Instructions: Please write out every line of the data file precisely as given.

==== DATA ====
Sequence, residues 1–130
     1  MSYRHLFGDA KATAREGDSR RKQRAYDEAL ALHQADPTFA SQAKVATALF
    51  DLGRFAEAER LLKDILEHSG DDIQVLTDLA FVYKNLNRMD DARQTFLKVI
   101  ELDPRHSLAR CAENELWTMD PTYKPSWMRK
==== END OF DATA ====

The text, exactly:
Sequence, residues 1–130
     1  MSYRHLFGDA KATAREGDSR RKQRAYDEAL ALHQADPTFA SQAKVATALF
    51  DLGRFAEAER LLKDILEHSG DDIQVLTDLA FVYKNLNRMD DARQTFLKVI
   101  ELDPRHSLAR CAENELWTMD PTYKPSWMRK